There were various responses on my Strawberry ice cream recipe, requesting a retraction of the moniker ice “cream” since it didn’t have cream in it. And a respected food writer pointed out that pumpkin was obligatory in Soupe au Pistou. I, too, know that folks will sometimes call something hot ‘chocolate’ even though it was made with cocoa powder instead of chocolate. And have been served fried onion rings that were actually broken circles, not neat, closed rounds of onions. And don’t get me started on thinly sliced fruit being called carpaccio.
So I have seen the error of my ways, and you’ll be happy to know that I slavishly followed the recipe for classic Salade Niçoise, as espoused by Jacques Médecin in his book Cuisine Niçoise. (Not this one.) Which everyone in Provence agrees gets the last word on cuisine from their region.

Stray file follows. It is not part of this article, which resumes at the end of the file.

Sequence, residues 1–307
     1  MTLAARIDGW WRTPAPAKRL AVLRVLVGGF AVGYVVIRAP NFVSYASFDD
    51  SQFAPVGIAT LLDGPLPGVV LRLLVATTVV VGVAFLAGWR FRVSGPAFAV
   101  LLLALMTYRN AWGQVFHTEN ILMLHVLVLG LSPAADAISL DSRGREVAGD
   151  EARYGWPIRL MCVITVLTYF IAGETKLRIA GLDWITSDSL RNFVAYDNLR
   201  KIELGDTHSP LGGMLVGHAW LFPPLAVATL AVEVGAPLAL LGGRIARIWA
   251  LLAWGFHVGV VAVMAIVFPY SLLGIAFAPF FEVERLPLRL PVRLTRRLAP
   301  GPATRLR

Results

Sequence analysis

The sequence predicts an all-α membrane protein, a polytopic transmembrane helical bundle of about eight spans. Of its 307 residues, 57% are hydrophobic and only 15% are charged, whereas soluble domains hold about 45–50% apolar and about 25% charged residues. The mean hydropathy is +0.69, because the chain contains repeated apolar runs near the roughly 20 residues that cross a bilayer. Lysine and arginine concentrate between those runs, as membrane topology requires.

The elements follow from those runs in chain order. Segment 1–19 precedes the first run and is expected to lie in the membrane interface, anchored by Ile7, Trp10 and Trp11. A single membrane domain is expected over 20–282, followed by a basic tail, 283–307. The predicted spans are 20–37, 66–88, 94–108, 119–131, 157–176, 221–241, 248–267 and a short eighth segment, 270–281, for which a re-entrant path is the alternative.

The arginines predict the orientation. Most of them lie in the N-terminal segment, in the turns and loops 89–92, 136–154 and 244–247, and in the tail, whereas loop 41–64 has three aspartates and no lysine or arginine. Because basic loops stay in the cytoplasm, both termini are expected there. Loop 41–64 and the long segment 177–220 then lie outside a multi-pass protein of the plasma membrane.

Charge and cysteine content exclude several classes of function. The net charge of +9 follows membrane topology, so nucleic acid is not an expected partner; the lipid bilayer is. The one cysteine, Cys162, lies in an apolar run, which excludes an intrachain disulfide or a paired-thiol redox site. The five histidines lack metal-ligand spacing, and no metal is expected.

For example, once can not put grilled or seared tuna on the salad and call it a salade Niçoise. Canned tuna or anchovies are acceptable, but not both. And he cautions “”…never, never, I beg you, include boiled potato or any other boiled vegetable in your salade niçoise.”